Wednesday, September 04, 2013 ... Deutsch/Español/Related posts from blogosphere

Likely: latest Atlantic hurricane-free date at least since 1941

Originally posted on September 4th. Now, 5 days later, it seems that one of the currently active systems will grow to the Hurricane Humberto (Eastern Atlantic, near Africa) so the records won't be broken – the 1941 late date wasn't beaten (the difference was just a day or so) but it's the latest first-hurricane birth date since 2002.

Remotely related: Henrik Svensmark et al. have a new paper (press release) on cosmoclimatology in PLA, experimentally arguing that the UV rays increase the aerosol production from ozone, sulfur dioxide, vapor by the same factor even for nuclei above 50 nm of diameter – which may already be called cloud condensation nuclei. This strengthens his claims that the cosmic rays influence the climate and falsifies some theories about the chemistry of the atmosphere. Via WUWT. See previous TRF text on cosmoclimatology.
I have manually checked the dates of formation of the first hurricanes on Wikipedia pages about the 1851 Atlantic hurricane season (older, sparser data, are available at most on the "one page per decade" basis) through the 2013 Atlantic hurricane season. You should be able to manually edit the year in the URL to get to all the other pages.

This is what I found.

The first 2013 Atlantic hurricane hasn't started to form yet; only two 20-30 percent "glimpses" of a possible depression can be seen and they're likely to be destroyed by their collision with the land (and if they won't be, they will still be too weak for a hurricane). It's September 4th. The probability is therefore high that this situation will continue past September 9th, i.e. next Monday. If that's so, 2013 will beat 2002 (Sep 9th) and the "most recent" hurricane season that could beat our present are 1941 (Sep 17th), 1922 (Sep 13th), 1914 and 1907 (the only two recorded hurricane-free seasons with 1 and 5 named storms, respectively), 1905 (Oct 1st), 1877 (Sep 14th), and 1876 (Sep 12th).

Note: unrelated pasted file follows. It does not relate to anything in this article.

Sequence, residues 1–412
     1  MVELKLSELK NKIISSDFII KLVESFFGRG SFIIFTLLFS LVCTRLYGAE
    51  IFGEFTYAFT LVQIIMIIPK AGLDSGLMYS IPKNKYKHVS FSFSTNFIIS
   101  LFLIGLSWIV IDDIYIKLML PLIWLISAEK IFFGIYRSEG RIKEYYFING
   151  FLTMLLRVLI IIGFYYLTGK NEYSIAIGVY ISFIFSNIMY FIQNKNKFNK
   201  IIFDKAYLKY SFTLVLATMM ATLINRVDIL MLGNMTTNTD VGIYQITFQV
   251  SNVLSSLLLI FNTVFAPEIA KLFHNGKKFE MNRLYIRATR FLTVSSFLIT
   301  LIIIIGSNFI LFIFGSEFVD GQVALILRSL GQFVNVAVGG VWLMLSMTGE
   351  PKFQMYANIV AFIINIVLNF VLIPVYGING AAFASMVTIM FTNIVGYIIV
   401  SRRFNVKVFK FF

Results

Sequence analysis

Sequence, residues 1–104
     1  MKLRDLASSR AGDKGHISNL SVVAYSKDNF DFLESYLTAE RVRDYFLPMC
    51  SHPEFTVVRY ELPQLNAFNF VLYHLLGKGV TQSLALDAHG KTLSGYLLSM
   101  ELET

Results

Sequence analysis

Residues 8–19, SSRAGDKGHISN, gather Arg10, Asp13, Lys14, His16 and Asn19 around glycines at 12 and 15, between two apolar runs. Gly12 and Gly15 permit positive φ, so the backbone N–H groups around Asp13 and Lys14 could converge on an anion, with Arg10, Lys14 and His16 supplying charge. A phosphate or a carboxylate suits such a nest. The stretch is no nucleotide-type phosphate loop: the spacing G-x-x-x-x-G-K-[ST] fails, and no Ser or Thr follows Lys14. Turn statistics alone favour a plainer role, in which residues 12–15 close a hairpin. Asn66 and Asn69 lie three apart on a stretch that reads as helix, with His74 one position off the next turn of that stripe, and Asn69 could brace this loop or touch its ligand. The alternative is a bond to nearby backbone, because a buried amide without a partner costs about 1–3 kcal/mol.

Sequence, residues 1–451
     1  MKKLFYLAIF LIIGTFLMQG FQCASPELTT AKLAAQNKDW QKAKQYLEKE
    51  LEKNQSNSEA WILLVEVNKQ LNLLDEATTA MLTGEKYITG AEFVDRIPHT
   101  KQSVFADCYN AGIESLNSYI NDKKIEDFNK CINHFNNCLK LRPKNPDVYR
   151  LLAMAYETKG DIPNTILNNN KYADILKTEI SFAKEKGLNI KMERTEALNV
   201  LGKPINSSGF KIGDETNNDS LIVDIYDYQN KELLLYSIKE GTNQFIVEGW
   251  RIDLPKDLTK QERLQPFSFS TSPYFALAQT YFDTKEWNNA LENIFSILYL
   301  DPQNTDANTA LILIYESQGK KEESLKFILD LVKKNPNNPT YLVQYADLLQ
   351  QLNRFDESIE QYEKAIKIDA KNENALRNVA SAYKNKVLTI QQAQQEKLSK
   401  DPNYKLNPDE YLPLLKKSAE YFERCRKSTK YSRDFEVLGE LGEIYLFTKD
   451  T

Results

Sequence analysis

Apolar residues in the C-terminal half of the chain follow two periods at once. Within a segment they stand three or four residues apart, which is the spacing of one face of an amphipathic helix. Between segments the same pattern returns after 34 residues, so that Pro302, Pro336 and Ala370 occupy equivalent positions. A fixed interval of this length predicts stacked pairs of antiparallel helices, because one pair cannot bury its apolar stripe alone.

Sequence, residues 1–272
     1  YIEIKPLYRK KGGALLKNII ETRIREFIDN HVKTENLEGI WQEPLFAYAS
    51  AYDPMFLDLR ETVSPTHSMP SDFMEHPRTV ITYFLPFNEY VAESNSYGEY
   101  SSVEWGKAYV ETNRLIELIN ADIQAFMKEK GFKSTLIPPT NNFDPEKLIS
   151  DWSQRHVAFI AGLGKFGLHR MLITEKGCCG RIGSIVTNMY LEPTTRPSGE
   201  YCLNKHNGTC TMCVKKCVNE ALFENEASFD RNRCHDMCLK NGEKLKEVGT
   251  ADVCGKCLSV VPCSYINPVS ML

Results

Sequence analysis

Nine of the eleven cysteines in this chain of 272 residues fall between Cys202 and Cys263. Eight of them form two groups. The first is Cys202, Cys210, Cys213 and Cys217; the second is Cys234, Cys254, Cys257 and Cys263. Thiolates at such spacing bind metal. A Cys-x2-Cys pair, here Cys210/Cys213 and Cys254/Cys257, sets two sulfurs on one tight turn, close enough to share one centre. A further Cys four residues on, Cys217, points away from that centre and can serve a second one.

For the sake of convenience, let me mention the first "hurricane birth date" for less spectacular years which were nevertheless late in the season: 1937 (Sep 9th), 1931 (Sep 6th), 1920 (Sep 7th), 1912 (Sep 10th), 1865, 1857 (both Sep 6th). Some seasons were very weak – 1952, 1939, 1930 – but some hurricanes materialized by the end of August, anyway.

Most of the years see the first hurricane forming sometime in July. August births of the first hurricanes are rarer, much like the beginning in September or, on the contrary, June (or even May). Several out-of-the-official-season hurricanes in January etc. mess up with the calendar and I was overlooking them (treating them as if they didn't occur).

See also an Accuweather and WUWT articles about the possibly looming new record.

After the unusually vigorous 2005 Atlantic hurricane season, we were drowning in predictions of ever stronger and ever more frequent hurricanes. A statistical evaluation of the 2006-2013 seasons shows that all the hurricane-related data randomly fluctuate in the usual intervals we have been used to for quite some time. These numbers are very volatile but there's no indication that something is increasing and everything suggests that 2005 was an exceptional year that is unlikely to be repeated often.

So far, we don't know for sure whether the late earliest 2002 hurricane date will be beaten – I would bet that it probably will – and whether 2013 will join the shortlist of hurricaneless seasons (1914 and 1907: how many TRF readers remember those years?) – chances for Yes and No seem comparable to me. And yes, I think it's more likely than not that at least one hurricane was overlooked either in 1907 or 1914, due to the absence of satellites and similar devices, so it's perfectly plausible that the ongoing season will actually be the weakest one since 1851 (unless a hurricane will materialize).

But what is clear is that the absence of any unusually strong hurricane activity after 2005 is just another example of the spectacular failures of the climate alarmists. Like with other failures, they never learn any lesson. They only cherry-pick the data that agree with their scientifically pathological opinion that a dangerous climate change should be underway and simply switch to something else whenever the clash of their idea with the data becomes too self-evident.

Whenever it becomes indisputable that the data have falsified a particular prediction of their "dangerous climate change" framework – and be almost sure that the data ultimately rule out every single one of them – they just switch to something else in which the data aren't sufficiently detailed which is why sufficiently spun, cherry-picked anecdotes may be temporarily used to replace the data. This approach is unscientific and despicable.